The Rapture Question

I’ve finally gotten around to going through the 2013 blog survey questions, so I’ll be responding to your questions on this blog in the weeks to come.

On Wednesday, I’ll be talking about the Christian’s relationship to the Law. You don’t want to miss it.

Today will be the first question from the 2013 blog survey that I respond to.

Many of you asked me where I stand on the “rapture question.”

I suspect that those who asked (1) are new to the blog, and (2) have not yet read Jesus: A Theography.

I’ve given my answer to this question previously in a post entitled Rethinking the Second Coming of Christ. And I go into more detail in Jesus: A Theography.

In reading that post, you’ll discover that the picture painted by The Left Behind series is built on a fairly new doctrine of the second coming that originated in the 1830s.

While this theory makes great drama, you cannot find evidence for it in any Christian writer before 1830.

Furthermore, if it isn’t taught to you by someone, you’d be hard-pressed to find it in the New Testament (I’m referring to the idea that there is a two-stage coming of Jesus . . . one where He “secretly” raptures His people in the heavens and another occurring seven years later where He returns to earth.)

So this teaching is either a new revelation from God or a human invention.

Read the post to learn what I mean and don’t mean by the above.



  1. Jack Swager says

    Many Christians are longing for eternity in heaven after the rapture. Not only does the scripture not teach the “pre-trib rapture” it doesn’t teach rapture or eternity in heaven What is stressed is our looking for Jesus’ return and a “new heaven and earth where in dwells righteousness” as Peter says. In Revelations a new earth is stated where the New Jerusalem comes down to and God dwells with Christ and lives among his people. Believing in the pre-trib rapture doesn’t nullify your salvation but it does hinder people from pressing in to growing and getting strong in the Lord to be able to stand against hard times and persecution.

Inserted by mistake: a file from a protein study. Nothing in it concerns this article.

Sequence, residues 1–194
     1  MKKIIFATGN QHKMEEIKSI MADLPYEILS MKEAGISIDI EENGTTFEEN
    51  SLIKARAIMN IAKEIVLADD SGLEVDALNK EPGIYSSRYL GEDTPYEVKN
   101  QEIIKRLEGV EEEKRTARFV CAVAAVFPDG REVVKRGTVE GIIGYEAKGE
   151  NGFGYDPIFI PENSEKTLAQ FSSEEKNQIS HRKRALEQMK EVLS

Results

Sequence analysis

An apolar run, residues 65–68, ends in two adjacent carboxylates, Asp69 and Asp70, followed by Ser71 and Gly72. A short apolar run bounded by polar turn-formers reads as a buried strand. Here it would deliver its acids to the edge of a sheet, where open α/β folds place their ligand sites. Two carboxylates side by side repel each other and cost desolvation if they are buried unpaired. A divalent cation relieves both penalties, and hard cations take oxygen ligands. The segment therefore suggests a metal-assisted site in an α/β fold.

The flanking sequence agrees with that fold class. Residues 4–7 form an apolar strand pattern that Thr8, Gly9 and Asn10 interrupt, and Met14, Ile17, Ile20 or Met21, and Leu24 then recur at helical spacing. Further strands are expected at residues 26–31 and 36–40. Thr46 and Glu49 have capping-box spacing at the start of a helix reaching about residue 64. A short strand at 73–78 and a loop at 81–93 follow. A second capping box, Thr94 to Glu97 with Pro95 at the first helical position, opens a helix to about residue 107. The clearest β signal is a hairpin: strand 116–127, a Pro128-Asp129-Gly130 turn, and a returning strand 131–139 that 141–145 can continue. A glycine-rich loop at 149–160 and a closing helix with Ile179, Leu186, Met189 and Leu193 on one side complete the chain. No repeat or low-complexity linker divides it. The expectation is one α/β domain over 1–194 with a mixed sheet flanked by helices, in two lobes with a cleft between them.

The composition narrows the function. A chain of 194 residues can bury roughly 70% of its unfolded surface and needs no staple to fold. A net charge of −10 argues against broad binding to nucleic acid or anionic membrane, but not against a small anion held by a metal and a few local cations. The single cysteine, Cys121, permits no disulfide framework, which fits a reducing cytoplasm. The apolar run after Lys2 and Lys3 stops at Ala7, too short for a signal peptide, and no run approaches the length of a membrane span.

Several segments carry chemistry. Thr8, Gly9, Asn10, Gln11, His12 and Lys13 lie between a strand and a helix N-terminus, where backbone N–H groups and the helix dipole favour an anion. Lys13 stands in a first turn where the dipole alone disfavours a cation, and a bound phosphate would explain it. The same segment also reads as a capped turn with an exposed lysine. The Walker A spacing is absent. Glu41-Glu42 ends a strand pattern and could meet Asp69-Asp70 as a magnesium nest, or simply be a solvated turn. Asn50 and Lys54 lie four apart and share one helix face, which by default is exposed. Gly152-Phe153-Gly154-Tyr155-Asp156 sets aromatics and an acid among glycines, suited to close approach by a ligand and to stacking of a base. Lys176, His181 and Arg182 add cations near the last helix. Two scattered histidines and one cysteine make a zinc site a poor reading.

• Carlsan says

      Instead of asking what is He doing about bring the Kingdom of Heaven, shouldn’t the proper question be “what are we doing to bring about the Kingdom here on earth?”

  2. Lisa Sachleben says

    It is amazing to me with what tenacity Christians cling to the “Left Behind” rapture mentality. To believe otherwise is tantamount to herisy in many circles, yet it simply is not taught in the scriptures. As much as I would also love to go along with the hope that we won’t have to suffer, I just cannot find any verses to support that teaching. Jesus did teach us that He be with us through suffering and that our rewards will make our trials, no matter how bad, seem like momentary light affliction in comparison.

  3. says

    Frank, In my lifelong research and Biblical training, I have never found a “third coming” in any of my bible library. It is desirable for a person to believe we Christians would be taken out of this messy and corrupt world prior to a tribulation. But it is as unlikely that would happen any more than the early church christians being spared the Roman circus of unimagined cruelty. If God didn’t take them in a “rapture”, then why would he take us?

    My Bible tells me that going through pain, problems, issues and cruelty is supposed to happen to all Christians. We are to grow through the messy journey of life, including all the pain that comes with it.

    I once heard it said, “life should not be a journey to the grave with the intention of arriving safely in an attractive and well preserved body, but rather to skid in sideways, clown nose on, chocolate in hand and a body thoroughly used up, totally worn out and screaming—-WA HOO, WHAT A RIDE”!


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